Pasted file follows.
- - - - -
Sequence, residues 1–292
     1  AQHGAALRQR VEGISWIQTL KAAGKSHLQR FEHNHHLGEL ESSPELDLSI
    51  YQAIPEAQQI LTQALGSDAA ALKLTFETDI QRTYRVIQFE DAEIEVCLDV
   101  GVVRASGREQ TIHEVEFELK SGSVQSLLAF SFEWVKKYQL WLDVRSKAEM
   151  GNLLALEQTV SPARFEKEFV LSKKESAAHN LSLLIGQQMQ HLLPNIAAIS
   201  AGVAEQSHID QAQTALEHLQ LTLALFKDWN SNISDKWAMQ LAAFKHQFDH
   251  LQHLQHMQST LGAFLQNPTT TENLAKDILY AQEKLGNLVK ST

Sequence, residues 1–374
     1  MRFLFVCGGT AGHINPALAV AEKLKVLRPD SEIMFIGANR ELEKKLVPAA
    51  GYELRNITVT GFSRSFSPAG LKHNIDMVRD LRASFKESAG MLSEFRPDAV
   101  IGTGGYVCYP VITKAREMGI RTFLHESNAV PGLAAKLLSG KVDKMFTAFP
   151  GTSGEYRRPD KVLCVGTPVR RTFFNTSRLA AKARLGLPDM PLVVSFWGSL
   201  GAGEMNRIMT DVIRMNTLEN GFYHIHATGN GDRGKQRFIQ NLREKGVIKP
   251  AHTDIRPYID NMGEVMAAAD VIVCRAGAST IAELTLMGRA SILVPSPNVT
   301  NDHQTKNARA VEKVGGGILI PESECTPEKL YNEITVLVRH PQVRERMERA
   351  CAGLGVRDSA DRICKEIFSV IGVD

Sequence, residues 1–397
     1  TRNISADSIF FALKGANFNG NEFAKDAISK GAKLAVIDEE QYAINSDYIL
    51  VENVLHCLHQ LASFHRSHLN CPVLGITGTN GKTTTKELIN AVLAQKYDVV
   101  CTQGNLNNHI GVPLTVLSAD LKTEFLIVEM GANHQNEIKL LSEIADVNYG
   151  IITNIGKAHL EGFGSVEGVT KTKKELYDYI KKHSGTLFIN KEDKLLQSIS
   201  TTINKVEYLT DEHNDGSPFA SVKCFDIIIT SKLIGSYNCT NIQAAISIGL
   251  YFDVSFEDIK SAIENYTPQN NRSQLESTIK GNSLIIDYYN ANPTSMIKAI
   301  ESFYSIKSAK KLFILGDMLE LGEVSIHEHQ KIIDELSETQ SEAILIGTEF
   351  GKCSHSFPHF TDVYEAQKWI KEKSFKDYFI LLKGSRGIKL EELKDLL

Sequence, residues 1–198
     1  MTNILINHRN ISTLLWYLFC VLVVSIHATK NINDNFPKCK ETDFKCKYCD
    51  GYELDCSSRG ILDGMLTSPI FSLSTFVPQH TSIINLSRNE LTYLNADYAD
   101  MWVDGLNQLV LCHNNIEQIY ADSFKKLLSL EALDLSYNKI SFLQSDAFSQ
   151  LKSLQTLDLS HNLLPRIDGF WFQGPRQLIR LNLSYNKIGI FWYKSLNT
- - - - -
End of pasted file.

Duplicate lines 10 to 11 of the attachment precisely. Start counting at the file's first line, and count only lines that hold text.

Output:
    51  GYELRNITVT GFSRSFSPAG LKHNIDMVRD LRASFKESAG MLSEFRPDAV
   101  IGTGGYVCYP VITKAREMGI RTFLHESNAV PGLAAKLLSG KVDKMFTAFP